Neoplasms arise and grow in complex and dynamic ecosystems. For most types of solid tumors, the microenvironment is comprised of numerous resident benign cell types derived from distinct developmental lineages, as well as nonresident cell types that may be transient or may persist to become permanent components of an evolving interactive bionetwork. A structural framework provided by insoluble matrix proteins and gradients of diffusible growth factors, hormones, oxygen, reactive oxygen species, and nutrients adds to the complexity.
Of importance, many facets of the tumor microenvironment are capable of profoundly influencing the behavior of preneoplastic and overtly malignant cells. In contrast with fibroblasts derived from benign tissues, cancer-associated fibroblasts can augment the growth of preneoplastic cells and influence invasive tumor behavior in a number of organs, including the prostate, breast, and stomach (1–3). Likewise, inflammatory cell components such as B cells, T cells, and macrophages can promote adverse cancer phenotypes within the skin, breast, and other tissues (4, 5). The existence of a temporally dynamic microenvironment is evident in studies such as those showing that a normal young liver microenvironment is tumor suppressive, whereas a normal aged liver microenvironment is permissive for tumor establishment and progression (6). Similarly, detailed studies of tumor hypoxia, pH, angiogenesis, and rigidity have clearly shown that these and other attributes of the microenvironment can produce major changes in tumor phenotypes.
Although recent findings emphasize the importance of studying tumor characteristics, such as proliferation and invasion, in the context of the multidimensional influences exerted by the tumor microenvironment, there is less information concerning the roles played by the microenvironment in resistance to cancer therapeutics. However, it is well recognized that ex vivo assays of chemotherapeutics poorly recapitulate in vivo effectiveness (7). In part, these differences clearly reflect drug delivery issues related to vascular access, interstitial pressures, and metabolism (8). However, other elements of the tumor microenvironment can affect tumor phenotypes to augment drug resistance. Distinct microenvironments can provide niches that contribute substantially to tumor cell survival and eventual relapse and therapy failure. A few examples serve to illustrate the variety of ways in which the context provided by the tumor microenvironment can influence tumor resistance to therapeutics (for reviews, see refs. 8–10), as described below.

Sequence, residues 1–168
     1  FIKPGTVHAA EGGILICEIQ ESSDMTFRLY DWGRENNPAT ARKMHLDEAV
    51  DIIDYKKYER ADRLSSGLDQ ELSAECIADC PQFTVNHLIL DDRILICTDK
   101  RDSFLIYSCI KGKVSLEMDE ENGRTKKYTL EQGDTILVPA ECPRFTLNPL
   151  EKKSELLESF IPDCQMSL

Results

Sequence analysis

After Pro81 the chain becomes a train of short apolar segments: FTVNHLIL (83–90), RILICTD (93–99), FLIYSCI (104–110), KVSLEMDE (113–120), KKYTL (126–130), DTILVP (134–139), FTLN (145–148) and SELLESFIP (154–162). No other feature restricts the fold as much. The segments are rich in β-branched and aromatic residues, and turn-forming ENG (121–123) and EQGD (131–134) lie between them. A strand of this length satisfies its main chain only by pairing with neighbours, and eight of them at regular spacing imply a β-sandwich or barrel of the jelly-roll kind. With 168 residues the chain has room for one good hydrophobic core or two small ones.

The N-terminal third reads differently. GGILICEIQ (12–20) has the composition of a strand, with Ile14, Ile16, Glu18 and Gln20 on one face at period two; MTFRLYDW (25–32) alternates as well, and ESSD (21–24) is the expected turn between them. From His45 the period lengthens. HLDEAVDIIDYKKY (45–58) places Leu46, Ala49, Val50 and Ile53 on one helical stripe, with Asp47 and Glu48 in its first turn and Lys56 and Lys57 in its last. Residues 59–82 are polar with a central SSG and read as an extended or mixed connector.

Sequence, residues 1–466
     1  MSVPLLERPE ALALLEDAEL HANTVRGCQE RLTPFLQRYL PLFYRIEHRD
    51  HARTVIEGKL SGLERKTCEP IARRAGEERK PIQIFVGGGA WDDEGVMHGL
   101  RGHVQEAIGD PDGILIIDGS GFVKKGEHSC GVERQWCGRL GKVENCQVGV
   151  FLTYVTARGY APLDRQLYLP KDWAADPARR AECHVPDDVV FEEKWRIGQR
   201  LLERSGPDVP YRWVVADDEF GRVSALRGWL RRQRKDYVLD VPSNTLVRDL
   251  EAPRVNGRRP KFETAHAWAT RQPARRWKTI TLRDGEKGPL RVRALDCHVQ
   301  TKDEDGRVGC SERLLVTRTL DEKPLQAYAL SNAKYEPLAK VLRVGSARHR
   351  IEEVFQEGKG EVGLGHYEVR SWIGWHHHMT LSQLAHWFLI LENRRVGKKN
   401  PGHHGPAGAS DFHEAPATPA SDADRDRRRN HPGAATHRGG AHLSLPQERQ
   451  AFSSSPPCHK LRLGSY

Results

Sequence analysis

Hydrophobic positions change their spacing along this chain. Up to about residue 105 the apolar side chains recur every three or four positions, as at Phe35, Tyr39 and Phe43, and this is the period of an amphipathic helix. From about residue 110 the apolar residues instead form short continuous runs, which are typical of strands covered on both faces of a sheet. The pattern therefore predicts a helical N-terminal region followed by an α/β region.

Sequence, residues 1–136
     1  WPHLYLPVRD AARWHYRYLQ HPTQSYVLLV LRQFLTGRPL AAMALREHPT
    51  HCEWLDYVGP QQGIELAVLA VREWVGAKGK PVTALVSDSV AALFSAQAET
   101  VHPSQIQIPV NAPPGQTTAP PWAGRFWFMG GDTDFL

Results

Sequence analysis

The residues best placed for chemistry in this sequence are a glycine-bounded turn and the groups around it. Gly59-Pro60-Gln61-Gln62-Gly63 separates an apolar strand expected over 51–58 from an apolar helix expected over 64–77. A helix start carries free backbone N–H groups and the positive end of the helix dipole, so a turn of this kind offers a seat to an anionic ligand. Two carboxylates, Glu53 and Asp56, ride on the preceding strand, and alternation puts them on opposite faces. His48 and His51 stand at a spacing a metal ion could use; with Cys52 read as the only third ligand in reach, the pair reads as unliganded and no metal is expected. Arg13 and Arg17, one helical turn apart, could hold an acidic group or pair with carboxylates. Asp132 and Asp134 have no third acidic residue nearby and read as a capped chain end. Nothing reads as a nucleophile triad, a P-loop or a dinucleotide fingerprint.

Therapy resistance mediated by soluble factors.
As with chronic myelogenous leukemia (CML), Philadelphia chromosome-positive acute lymphocytic leukemia (Ph+ALL) is driven by the BCR-ABL fusion protein and is sensitive to the Abl tyrosine kinase inhibitor imatinib (11). In a series of experiments reported by Williams and colleagues (12), a mouse model of Ph+ALL was developed that exhibited resistance to imatinib, although Abl kinase activity was inhibited by drug treatment. However, tumor cells isolated from this model were still sensitive to imatinib in vitro, supporting the hypothesis that components of the host microenvironment (in this case, the hematopoietic microenvironment) promote resistance. Through further experimentation, host cytokines, such as interleukin (IL)-7, were determined to promote growth despite imatinib treatment (12). Other studies implicated galectin 3 induction in CML by the bone marrow microenvironment as a contributing factor to drug resistance and long-term lodgment of leukemic cells in the bone marrow niche (13). Further evidence for this mechanism of therapy resistance (described below) points to the role(s) of cancer therapeutics themselves in promoting the production of microenvironment-derived soluble factors.
Therapy resistance mediated by physical barriers.